IC MP Requirements
An important change in the eligibility requirements for taking Part 1 of the Medical Physics exam was initiated in 2012. Refer to the CAMPEP policy statement that was approved by the ABR Board of Trustees on October 13, 2007, and updated in March 2010.
- Part 1
- Part 2
- Please click here for information on applying for the Part 1 exam.
- Please click here for information on applying for the Part 2 exam.
- Part 3
The Part 1 and Part 2 exams are administered at Pearson VUE Test Centers throughout the country. For information about the length of the exams, including break time, please click here. For information about exam dates and locations, please click here.
Please note that there is a limit for the time from approval for Part 1 and passing the Part 1 examination. More information on the time limits and the training requirements to re-enter the certification process are available here.
Candidates have 10 calendar years from passing Part 1 to become board eligible. More information on this policy is available here.
Additionally, candidates have specific time limits for remaining board eligible. Please see the Time Limitation for Attaining Initial Certification (Board Eligibility Policy).
For more information about attaining a certificate in an additional specialty of medical physics, click here.
The first exams you will take are computer-based exams, collectively called the Part 1 Examination. Part 1 consists of a General and a Clinical exam. To be eligible for Part 1 on a new application, you must be enrolled in and in good standing with, or have graduated from, a CAMPEP-accredited program (graduate program, DMP program, certificate program, or medical physics residency). (Note: CAMPEP has a service for review of individual courses. This is not the same thing as a CAMPEP-accredited certificate program and is not an acceptable credential for admission to the Part 1 exam in medical physics.)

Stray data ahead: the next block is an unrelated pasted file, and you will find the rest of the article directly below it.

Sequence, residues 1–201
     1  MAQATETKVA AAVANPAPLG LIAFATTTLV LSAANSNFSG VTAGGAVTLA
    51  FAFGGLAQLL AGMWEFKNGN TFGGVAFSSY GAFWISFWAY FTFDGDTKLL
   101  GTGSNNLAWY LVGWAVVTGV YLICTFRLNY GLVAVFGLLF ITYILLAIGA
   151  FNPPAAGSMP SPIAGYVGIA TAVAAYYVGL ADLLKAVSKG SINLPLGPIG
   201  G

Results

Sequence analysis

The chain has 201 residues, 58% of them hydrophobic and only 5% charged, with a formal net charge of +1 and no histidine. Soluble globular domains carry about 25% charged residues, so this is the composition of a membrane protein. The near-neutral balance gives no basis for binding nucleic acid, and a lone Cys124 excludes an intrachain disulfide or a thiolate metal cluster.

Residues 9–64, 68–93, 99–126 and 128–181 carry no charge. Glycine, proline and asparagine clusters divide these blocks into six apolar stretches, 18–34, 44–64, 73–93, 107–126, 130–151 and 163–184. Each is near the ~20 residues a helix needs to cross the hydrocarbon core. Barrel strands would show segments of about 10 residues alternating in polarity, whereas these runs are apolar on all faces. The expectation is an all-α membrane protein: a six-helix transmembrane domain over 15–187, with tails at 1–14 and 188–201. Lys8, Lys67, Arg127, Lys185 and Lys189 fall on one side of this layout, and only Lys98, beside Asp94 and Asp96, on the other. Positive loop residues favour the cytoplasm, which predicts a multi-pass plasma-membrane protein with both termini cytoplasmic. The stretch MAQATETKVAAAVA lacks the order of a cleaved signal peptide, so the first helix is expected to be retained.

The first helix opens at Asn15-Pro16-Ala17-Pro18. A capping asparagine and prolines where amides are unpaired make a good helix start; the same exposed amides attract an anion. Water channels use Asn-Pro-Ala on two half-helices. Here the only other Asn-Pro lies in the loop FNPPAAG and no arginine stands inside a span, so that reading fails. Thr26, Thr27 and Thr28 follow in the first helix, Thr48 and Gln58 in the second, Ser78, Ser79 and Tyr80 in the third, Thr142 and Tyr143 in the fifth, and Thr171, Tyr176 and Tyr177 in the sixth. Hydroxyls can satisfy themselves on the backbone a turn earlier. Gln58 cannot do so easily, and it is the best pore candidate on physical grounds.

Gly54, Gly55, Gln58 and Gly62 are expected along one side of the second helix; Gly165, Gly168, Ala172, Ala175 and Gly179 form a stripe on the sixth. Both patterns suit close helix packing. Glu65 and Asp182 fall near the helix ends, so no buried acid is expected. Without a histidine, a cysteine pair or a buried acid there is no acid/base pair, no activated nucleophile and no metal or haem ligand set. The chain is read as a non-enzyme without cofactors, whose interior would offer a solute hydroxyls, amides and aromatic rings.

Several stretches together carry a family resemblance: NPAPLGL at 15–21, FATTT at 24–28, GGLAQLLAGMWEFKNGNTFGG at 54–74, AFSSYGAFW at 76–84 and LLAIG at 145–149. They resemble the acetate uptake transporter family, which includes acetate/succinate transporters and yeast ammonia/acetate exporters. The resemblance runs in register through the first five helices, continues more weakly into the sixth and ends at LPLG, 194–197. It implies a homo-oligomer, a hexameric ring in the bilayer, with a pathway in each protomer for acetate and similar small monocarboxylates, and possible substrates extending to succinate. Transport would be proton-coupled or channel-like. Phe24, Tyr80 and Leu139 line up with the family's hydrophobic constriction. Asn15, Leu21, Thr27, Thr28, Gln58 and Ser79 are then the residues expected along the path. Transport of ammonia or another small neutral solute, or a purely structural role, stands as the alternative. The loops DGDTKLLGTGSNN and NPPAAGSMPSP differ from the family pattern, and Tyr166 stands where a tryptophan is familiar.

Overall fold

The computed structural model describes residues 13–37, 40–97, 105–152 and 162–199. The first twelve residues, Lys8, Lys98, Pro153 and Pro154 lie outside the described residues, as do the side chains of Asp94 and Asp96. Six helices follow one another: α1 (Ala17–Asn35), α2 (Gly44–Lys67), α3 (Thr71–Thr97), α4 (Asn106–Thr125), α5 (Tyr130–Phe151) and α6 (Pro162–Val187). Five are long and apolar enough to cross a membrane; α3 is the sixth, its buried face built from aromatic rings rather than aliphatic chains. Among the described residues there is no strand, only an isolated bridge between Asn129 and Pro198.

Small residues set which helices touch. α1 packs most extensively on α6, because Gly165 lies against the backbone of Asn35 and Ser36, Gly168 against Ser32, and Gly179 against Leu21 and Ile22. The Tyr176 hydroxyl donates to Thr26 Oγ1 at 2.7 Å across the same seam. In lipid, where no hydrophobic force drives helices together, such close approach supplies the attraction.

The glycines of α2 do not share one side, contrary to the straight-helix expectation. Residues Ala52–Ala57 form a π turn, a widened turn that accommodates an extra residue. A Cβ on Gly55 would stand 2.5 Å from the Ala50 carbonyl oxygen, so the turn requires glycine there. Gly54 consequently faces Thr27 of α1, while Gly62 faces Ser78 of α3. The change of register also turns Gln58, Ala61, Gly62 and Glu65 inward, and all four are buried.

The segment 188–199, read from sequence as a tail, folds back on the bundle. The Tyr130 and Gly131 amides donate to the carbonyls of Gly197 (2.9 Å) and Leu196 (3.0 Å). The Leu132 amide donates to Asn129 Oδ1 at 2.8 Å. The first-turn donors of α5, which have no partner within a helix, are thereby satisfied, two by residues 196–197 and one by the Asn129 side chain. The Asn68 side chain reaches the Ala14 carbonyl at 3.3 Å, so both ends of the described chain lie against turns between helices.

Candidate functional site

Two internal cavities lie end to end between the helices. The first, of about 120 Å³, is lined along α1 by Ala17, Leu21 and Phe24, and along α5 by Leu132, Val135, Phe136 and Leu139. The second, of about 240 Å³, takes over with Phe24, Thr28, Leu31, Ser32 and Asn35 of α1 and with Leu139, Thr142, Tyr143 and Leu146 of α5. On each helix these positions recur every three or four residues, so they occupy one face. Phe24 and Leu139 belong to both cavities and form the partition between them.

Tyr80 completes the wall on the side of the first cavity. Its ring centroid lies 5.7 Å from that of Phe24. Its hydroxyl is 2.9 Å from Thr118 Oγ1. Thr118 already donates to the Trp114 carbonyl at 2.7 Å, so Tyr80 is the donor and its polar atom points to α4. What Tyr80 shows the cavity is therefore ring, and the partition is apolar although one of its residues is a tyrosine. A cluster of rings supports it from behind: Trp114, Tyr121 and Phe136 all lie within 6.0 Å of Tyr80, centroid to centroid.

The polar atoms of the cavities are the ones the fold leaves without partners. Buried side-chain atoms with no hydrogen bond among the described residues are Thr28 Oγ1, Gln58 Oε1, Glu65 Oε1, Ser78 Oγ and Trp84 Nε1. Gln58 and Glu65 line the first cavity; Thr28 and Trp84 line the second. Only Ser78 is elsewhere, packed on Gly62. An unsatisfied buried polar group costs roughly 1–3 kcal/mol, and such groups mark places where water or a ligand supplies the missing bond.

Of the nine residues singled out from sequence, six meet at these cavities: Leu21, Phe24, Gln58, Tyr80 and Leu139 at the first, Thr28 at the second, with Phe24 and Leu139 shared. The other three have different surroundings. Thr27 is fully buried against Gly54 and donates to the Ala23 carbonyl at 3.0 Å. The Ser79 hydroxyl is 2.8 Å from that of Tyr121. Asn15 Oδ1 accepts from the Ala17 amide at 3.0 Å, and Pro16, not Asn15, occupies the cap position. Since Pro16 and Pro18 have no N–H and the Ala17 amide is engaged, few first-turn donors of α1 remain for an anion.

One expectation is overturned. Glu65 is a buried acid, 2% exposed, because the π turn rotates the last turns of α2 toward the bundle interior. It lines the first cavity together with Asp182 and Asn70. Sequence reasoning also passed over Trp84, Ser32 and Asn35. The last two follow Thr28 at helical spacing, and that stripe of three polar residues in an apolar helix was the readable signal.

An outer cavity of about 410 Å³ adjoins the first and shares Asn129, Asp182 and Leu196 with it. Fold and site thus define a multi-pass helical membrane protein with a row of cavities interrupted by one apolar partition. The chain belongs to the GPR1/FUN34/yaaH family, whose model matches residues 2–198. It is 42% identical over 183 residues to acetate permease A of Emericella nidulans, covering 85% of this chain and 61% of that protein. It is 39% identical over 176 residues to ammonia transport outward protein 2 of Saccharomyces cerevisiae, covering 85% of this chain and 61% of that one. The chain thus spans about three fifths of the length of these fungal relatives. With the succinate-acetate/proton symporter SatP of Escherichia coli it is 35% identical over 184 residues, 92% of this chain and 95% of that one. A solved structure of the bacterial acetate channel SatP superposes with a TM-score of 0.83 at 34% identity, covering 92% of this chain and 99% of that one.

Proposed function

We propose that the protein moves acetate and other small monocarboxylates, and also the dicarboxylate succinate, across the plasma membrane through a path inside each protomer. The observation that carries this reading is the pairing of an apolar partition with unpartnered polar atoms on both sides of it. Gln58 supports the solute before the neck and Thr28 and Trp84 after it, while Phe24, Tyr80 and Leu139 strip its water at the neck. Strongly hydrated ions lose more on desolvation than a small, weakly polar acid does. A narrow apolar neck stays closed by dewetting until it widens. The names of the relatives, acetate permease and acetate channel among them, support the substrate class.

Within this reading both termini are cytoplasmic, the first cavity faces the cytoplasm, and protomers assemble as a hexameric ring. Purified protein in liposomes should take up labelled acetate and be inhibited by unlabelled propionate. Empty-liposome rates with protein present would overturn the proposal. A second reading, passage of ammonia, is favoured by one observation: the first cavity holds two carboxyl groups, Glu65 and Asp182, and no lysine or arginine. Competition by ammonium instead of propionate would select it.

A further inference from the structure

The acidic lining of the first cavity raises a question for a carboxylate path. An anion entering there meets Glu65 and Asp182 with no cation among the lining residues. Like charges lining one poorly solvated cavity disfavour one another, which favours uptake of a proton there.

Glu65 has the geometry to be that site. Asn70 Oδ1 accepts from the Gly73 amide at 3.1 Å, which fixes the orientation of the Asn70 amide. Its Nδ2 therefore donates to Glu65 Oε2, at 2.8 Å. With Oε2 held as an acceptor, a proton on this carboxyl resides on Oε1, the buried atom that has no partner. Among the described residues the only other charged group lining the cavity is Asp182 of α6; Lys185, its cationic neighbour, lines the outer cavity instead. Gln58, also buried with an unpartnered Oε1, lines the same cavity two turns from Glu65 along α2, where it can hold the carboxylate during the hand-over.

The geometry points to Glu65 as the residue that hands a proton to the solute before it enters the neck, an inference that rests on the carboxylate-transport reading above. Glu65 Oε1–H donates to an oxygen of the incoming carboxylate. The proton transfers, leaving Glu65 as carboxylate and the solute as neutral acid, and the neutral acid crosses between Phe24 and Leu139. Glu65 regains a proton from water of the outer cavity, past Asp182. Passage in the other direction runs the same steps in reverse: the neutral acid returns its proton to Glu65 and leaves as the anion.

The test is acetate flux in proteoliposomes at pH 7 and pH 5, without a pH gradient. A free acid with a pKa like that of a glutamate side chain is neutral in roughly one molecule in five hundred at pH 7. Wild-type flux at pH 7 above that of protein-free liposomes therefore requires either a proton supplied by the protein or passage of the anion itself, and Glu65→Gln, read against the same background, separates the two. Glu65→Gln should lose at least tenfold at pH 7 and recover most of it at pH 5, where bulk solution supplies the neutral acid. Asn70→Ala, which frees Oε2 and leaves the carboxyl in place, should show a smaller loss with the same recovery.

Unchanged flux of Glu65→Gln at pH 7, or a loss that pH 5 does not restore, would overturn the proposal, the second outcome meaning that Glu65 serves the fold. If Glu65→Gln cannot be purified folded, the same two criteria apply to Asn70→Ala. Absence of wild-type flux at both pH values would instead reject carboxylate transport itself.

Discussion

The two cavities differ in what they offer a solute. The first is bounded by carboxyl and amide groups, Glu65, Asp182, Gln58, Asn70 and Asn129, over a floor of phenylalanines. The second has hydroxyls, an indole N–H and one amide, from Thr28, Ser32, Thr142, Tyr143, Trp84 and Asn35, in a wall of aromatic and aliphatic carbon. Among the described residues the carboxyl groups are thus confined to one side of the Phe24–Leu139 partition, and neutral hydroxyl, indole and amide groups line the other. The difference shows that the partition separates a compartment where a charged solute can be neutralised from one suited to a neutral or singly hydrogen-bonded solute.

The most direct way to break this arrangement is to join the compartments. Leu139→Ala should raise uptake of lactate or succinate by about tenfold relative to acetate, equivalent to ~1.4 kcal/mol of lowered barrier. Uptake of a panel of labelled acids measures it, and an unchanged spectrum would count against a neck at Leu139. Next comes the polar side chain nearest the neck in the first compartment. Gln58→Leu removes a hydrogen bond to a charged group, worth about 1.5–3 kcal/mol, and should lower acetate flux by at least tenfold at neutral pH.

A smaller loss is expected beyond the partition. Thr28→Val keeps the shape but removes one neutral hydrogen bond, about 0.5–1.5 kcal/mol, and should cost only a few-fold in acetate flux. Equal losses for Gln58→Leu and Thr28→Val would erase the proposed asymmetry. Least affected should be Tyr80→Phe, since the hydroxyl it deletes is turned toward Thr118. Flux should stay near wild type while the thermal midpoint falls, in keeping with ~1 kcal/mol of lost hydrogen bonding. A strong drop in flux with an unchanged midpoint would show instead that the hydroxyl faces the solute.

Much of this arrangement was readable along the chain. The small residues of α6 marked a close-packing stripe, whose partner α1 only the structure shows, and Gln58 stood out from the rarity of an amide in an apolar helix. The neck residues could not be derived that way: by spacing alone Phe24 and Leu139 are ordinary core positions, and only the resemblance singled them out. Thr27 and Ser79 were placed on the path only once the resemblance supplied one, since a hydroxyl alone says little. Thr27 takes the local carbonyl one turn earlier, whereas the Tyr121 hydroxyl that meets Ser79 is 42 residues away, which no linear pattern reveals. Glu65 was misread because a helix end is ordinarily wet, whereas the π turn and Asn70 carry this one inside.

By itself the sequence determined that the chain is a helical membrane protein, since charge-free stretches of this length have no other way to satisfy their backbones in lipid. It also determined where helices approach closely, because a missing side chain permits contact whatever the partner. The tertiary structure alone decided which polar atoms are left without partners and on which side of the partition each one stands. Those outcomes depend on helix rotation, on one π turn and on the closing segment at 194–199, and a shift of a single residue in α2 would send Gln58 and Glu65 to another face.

For candidates who are fulfilling requirements for previously submitted applications, the coursework must be completed by December 31, 2014.
The next part of the examination process is again computer-based, and is called Part 2. Part 2 is specific to a particular specialty: diagnostic medical physics, therapeutic medical physics, or nuclear medical physics.
Part 2 requirements for candidates applying for certification after July 1, 2013:
- You must have passed the Medical Physics Part 1 examination (General and Clinical).
- You must have completed a CAMPEP-accredited residency by August 31 of the year in which the Part 2 exam is to be taken.
Part 2 requirements for candidates who applied for certification prior to October 31, 2012:
- You must have passed the Medical Physics Part 1 examination (General and Clinical).|
AND YOU MUST SATISFY ONE OF THESE TWO REQUIREMENTS:
- If you submitted your initial application before June 30, 2011, you must hold a master's or doctoral degree from an approved institution (program accredited by one of the organizations recognized by the Council on Higher Education Accreditation, or its successors), or an equivalent foreign degree, in medical physics, physics, or another relevant physical science or engineering discipline. Foreign degrees must be substantiated by the National Association of Credential Evaluation Services (NACES).4